Laparoscopic sleeve gastrectomy does not reliably improve GERD symptoms

Image: PD 

1. Patients receiving laparoscopic sleeve gastrectomy (LSG) had lower rates of resolution of GERD as compared to patients receiving gastric bypass (GB). 

2. Preoperative GERD symptoms were associated with increased surgical complications, postoperative adverse events, and required provisional surgery after LSG. 

Evidence Rating Level: 3 (Average) 

Study Rundown: Gastroesophageal reflux disease (GERD) is an obesity-related that has been associated with an increased risk of esophageal adenocarcinoma. The Roux-en-Y gastric bypass (GB) procedure results in significant loss of excess body weight and improved control of GERD.  A newer surgical option that has been gaining popularity due to its relative ease and low complication rate is the Laparoscopic Sleeve Gastrectomy (LSG), though the procedure’s effect on GERD remained an open question. This study evaluated GERD in the context of LSG and compared the results with a control population of patients receiving the standard GB operation. Among patients who underwent LSG, only 15.9% experienced resolution of their GERD symptoms, as compared to 62.8% of gastric bypass patients.

Though limited by the retrospective design and lack of an objective confirmation of GERD diagnoses, the results of this study suggest that despite the advantages of LSG over traditional GB, the procedure does not provide reliable attenuation of GERD symptoms. The study also found that patients with pre or postoperative GERD experienced more complications and may have suboptimal weight loss after LSG. The authors suggest that preexisting severe GERD be considered a relative contraindication for the procedure.

Click to read the study, published today in JAMA Surgery

Relevant reading: Bariatric surgery: a review of procedures and outcomes

In-Depth [retrospective cohort study]: This multicenter retrospective cohort study characterized the relationship between GERD and LSG surgery and compared the outcomes with standard GB surgery. Utilizing the Bariatric Outcomes Longitudinal Database (BOLD), the records of 4,832 patients who underwent LSG were compared with 33,867 patients who underwent GB between 2007 and 2010. Patients undergoing LSG were on average older and more likely to be male than those undergoing GB (P = 0.01 and 0.007 respectively). Additionally, patients undergoing LSG had lower rates of preoperative GERD, hypertension, diabetes mellitus, hypercholesterolemia, and obstructive sleep apnea than those undergoing GB (all P < 0.001). Analysis of the surgical outcomes with relation to GERD were analyzed only in patients with complete postoperative data over 6 months of follow up but did not adjust for the preoperative differences between the cohorts.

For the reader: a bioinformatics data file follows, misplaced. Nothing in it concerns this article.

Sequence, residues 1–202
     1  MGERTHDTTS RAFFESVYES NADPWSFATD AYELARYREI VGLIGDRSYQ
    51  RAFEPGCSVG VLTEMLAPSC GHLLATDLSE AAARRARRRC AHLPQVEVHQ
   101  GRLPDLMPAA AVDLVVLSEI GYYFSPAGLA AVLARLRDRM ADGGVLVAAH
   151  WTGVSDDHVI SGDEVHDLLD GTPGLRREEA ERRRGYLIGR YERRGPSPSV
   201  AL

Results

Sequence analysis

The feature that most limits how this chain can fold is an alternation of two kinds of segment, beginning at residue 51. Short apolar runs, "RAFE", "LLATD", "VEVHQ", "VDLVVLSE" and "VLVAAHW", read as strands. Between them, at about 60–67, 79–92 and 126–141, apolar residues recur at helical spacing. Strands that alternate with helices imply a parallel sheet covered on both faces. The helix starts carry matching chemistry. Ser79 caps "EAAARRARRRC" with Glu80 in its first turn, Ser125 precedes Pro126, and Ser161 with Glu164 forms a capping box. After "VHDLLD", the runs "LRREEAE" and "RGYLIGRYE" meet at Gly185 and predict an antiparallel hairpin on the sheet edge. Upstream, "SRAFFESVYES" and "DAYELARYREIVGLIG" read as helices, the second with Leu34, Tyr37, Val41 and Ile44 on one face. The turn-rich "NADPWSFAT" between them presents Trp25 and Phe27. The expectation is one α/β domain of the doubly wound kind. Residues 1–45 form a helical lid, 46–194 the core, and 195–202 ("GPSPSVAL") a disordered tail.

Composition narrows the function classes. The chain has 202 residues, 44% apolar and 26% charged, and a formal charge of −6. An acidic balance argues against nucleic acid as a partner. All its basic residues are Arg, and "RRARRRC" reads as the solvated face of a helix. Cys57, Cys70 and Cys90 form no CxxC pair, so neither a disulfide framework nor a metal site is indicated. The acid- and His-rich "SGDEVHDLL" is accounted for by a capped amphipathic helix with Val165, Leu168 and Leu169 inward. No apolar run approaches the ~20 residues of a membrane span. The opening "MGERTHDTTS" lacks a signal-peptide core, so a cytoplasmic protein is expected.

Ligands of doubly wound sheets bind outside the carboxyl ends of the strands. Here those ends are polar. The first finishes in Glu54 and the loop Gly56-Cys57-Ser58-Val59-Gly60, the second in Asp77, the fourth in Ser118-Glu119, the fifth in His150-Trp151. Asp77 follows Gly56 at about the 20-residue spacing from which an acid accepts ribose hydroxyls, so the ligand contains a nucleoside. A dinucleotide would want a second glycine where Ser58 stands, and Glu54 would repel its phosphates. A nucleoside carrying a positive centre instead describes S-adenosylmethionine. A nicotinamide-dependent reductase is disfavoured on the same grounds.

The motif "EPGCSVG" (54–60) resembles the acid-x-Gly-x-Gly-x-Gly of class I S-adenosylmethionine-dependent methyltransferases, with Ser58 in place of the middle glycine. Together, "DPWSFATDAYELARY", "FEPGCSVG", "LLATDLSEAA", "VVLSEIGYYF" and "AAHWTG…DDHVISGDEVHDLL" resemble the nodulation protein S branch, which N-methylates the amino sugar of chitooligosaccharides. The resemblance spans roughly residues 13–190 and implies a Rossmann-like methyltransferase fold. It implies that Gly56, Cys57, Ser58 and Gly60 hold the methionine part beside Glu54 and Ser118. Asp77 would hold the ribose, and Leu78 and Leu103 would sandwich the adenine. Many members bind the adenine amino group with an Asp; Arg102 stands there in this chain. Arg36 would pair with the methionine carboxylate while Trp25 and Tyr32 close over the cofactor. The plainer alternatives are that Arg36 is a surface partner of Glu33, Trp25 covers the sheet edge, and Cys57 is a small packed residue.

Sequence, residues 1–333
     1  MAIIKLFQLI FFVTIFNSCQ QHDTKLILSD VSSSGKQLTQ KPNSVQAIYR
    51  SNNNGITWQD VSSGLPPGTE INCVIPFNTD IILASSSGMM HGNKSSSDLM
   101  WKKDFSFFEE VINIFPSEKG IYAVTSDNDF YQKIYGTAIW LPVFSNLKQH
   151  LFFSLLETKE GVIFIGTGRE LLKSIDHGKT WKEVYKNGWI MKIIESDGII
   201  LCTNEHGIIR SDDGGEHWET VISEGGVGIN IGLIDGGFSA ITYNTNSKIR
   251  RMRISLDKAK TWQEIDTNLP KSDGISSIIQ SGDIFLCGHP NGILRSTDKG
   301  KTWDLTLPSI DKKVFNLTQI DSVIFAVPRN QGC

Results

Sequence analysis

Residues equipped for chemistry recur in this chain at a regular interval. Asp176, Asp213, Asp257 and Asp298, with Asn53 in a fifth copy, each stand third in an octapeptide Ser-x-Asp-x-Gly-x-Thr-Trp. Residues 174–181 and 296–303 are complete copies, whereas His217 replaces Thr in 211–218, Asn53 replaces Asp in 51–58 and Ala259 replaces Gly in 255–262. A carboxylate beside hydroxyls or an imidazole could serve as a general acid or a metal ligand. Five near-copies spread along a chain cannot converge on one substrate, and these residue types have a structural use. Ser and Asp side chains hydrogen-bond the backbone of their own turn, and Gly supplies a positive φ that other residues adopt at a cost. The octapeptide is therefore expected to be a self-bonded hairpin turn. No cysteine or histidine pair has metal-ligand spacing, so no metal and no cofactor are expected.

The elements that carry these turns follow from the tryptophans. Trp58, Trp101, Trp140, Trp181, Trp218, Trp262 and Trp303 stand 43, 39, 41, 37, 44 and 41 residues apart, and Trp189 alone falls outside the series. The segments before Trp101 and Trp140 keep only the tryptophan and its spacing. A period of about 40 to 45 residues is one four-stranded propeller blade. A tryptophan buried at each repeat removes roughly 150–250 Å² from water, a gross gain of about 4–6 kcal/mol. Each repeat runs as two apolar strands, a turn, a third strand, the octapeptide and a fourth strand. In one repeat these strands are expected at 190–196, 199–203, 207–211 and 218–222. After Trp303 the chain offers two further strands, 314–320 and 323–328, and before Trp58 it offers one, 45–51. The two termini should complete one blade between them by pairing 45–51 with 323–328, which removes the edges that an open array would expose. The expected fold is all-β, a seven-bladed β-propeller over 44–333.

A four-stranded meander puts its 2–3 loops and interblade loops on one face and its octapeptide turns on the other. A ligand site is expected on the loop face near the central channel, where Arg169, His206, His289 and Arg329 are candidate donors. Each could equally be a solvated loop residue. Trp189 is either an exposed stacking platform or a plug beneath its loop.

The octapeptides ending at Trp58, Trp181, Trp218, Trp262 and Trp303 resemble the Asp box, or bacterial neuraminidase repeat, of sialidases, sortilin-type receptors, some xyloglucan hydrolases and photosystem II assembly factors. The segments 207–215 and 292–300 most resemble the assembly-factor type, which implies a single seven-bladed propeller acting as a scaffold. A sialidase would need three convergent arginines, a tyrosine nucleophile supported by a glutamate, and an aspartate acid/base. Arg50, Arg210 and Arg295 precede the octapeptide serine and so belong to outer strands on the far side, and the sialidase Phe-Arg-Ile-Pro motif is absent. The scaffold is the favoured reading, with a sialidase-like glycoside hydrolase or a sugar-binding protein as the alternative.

The severity of GERD in preoperatively and postoperatively was assessed on a scale from 0 (no GERD) to 5 (severe symptoms, not controlled with proton-pump inhibitors) based on medical diagnosis and the need for medications or other interventions. In patients undergoing LSG, 15.9% of patients with preoperative GERD experienced resolution of their symptoms, and 9.0% experienced worsening of their symptoms. In patients with preoperative GERD who underwent GB, 62.8% experienced resolution of their symptoms while only 2.2% experienced worsening symptoms (p < 0.05).

Patients with preexisting GERD who underwent LSG were found to experience worse outcomes than those patients without preexisting GERD who underwent LSG. The overall complication rate increased from 10.6% in patients without GERD, to 15.1% with GERD, and 16.3% with severe GERD (p = 0.007). Adverse gastrointestinal events also increased from 3.6% in patients without GERD, to 6.9% with GERD, and 7.5% with severe GERD (p = 0.012). Additionally, the need for revisional surgery after LSG increased from 0.3% in patients without GERD to 0.06% with GERD (p = 0.03). Finally, the incidence of weight loss failure, defined as losing less than 50% of excess body weight, was greater in patients with preoperative severe GERD, 34.0%, than in those without preexisting GERD, 28.0% (p = 0.017).

©2012-2014 All rights reserved. No works may be reproduced without expressed written consent from Disclaimer: We present factual information directly from peer reviewed medical journals. No post should be construed as medical advice and is not intended as such by the authors, editors, staff or by PLEASE SEE A HEALTHCARE PROVIDER IN YOUR AREA IF YOU SEEK MEDICAL ADVICE OF ANY SORT.